Liam Thomson, Staff Writer

The noise of the school filled his ears. It was all he heard: gossip whispers, clattering shoe heels, rustling papers, and creaking doors. For someone else, it might have felt good to live in the moment, but not for him-he was stuck in the moment. He was a warden in his own prison.

He continued on through the school’s halls, looking around at what might have been refuge at a time, but was now a place of inhospitality. How he viewed the world brought not sorrow, not joy–just apathy. Everything–the bricks, the stucco, even the green grass–seemed duller, fogged, as if he was seeing the world through a veil or screen, limiting what really was and what he wanted to see.

His footsteps trudged and shuffled along on the stone-cold concrete, a plain rhythm of scrapes and pounds, scraping and pounding, scraping and pounding. Everything seemed like that now–ever since his parents had gotten the offer, he had been afraid to change.

But he had changed, and his character was starting to show through. He had become rougher, meaner, and more sensitive, something he thought about as he stared at the visibly endless walls of his high school, wondering if it was ever going to get better. He already knew the answer.

The bell rang, directing him toward his last period in an almost autonomous routine. He walked in the door, not replying when his teacher said hello, not even looking at the pretty girl he had admired for years now. He barely heard the end of passing period, nor the teacher take roll.

The class seemed to go on for an eternity. He wondered if this was how people lived in the underworld. His head drooped, staring at normalcy: the sheen of fake wood and the dull carpeting. When the bell rang, he didn’t bother to say goodbye. Nobody cared.

He got to the door first, taking brisk, wide strides. Everyone looked surprised at how he moved just then and, frankly, he was surprised also. That little bit of energy, after so much lethargy, seemed to break loose in an effort to get away from it all. In one second it was there, the other it was gone; he slouched at the door, opening it and walking out into the surprisingly crowded hallway.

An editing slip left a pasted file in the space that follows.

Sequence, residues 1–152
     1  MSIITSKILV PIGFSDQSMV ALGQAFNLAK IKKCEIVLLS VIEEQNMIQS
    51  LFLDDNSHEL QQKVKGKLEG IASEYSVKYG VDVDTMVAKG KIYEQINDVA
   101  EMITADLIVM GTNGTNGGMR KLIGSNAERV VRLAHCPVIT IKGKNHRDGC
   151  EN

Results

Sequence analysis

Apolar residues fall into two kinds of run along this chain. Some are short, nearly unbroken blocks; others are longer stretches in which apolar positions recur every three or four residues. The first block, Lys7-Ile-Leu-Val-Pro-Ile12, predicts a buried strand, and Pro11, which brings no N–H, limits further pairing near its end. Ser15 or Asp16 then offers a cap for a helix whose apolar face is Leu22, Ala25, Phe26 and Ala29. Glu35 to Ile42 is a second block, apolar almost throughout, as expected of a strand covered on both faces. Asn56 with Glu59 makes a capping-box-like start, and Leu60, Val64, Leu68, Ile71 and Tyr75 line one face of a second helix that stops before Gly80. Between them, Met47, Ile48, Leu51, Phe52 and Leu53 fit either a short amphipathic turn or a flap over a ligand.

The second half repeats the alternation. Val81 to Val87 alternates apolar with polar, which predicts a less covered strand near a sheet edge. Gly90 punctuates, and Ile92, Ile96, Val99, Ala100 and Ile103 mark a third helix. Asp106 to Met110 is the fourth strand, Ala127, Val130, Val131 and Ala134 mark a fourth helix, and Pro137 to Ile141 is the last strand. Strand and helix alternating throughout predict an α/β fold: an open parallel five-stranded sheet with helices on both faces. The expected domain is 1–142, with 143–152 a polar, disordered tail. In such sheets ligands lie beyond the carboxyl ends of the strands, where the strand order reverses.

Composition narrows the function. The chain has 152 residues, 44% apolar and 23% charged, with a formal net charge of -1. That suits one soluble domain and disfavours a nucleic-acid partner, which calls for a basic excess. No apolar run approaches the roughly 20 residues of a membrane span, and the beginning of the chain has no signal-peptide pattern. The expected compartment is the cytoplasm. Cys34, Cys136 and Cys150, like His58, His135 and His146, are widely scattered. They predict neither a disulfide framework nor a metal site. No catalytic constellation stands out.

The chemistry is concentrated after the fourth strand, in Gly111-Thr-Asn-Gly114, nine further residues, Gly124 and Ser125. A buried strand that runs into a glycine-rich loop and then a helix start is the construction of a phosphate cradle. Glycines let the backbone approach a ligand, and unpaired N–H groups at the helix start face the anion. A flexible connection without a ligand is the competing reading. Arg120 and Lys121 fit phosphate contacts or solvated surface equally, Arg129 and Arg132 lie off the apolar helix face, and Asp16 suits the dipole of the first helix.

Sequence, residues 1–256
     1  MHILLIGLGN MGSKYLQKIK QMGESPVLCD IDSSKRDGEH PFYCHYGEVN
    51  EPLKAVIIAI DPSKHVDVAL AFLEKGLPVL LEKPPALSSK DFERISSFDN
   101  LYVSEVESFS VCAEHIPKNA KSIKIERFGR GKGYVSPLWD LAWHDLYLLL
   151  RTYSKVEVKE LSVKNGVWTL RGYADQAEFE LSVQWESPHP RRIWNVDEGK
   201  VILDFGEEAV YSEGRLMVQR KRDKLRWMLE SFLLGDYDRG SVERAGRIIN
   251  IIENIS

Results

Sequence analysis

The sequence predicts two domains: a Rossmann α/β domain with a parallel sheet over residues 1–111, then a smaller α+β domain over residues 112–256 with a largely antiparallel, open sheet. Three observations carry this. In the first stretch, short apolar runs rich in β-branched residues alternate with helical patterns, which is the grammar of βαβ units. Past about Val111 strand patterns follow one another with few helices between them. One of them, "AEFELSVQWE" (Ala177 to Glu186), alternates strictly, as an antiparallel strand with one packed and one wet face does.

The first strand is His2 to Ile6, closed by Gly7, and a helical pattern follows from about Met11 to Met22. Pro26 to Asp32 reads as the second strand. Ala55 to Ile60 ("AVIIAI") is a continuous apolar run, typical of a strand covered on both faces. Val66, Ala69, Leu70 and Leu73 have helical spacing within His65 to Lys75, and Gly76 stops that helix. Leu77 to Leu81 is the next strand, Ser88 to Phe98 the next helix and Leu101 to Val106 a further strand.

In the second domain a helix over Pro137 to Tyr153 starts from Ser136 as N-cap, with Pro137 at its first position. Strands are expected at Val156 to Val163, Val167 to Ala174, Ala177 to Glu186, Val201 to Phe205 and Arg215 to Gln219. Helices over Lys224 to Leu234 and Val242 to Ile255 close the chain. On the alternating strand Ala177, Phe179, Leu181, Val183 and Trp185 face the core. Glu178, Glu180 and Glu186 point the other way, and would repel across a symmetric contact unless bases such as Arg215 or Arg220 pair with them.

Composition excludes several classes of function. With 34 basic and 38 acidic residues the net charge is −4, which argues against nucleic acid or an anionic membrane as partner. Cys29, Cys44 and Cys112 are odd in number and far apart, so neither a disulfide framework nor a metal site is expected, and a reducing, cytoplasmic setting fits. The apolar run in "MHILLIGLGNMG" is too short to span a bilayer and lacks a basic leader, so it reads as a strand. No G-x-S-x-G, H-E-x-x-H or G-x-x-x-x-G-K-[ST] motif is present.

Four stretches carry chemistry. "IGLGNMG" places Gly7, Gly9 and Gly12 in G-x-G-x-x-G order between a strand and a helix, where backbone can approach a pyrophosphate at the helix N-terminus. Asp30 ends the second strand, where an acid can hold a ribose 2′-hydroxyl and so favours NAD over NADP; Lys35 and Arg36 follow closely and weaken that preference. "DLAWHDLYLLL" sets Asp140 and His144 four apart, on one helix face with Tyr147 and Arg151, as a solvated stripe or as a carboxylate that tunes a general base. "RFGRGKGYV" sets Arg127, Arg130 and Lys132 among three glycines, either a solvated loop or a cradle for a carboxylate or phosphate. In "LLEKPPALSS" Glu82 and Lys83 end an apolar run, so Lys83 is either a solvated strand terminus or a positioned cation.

The door started to close, nearly crashing into a student. In another blazing fury, he rushed to the door and caught it. And caught it still.

After the student had walked away, surprised, he wanted to close the door. Get away from the cause of his suffering and just go home. But something held him back. Something inside of him wanted to stay, to give back. Perhaps that little bit of energy had helped him transform back from beast to man? He didn’t know. But the fact was simple: it astonished everyone in the room that he caught the door and held it.

And he continued to hold it, for all of his peers who walked by, holding no hatred of any. At one point, the girl he had idolized for so long stopped and said, “Thank you.”

Those two words were what he had pined for. Hearing her light voice and seeing her dazzling smile was all he needed. Some of that energy came back again, taking the same form, only more extreme. He felt it inside himself, radiating around the group of people. He made eye contact with her and smiled. When she waved, the reformation began. Students were streaming through the door, now thanking him and giving compliments. He felt the moment that came after could last forever.


The boy’s sister was waiting nervously at home. She was on edge about how her brother had been acting, how he had taken the news. She wondered how to help him, trying every way she could, but he seemed closed, shut off from her soothing remedies. 

All this culminated in extreme nervousness when the door suddenly burst open, with her brother in the frame. He sighed and walked forward. And then it happened.

The two siblings were locked in a deep embrace, something that had not happened since their parents took the offer. She knew that something finally happened, some miracle by God or otherwise, that changed him enough to do this. Letting her go, he stood up and said two words that she would never forget.

“I’m sorry.”

She stared at him with sympathy, with sorrow, with a flurry of emotions as she hugged him again, hearing him repeat the words. “I’m sorry, I was upset about the job, I should have been kind…”

She let him go and said, “What happened today?”

He said something that surprised her. “I held open a door. Just like you did for me.”

And he smiled.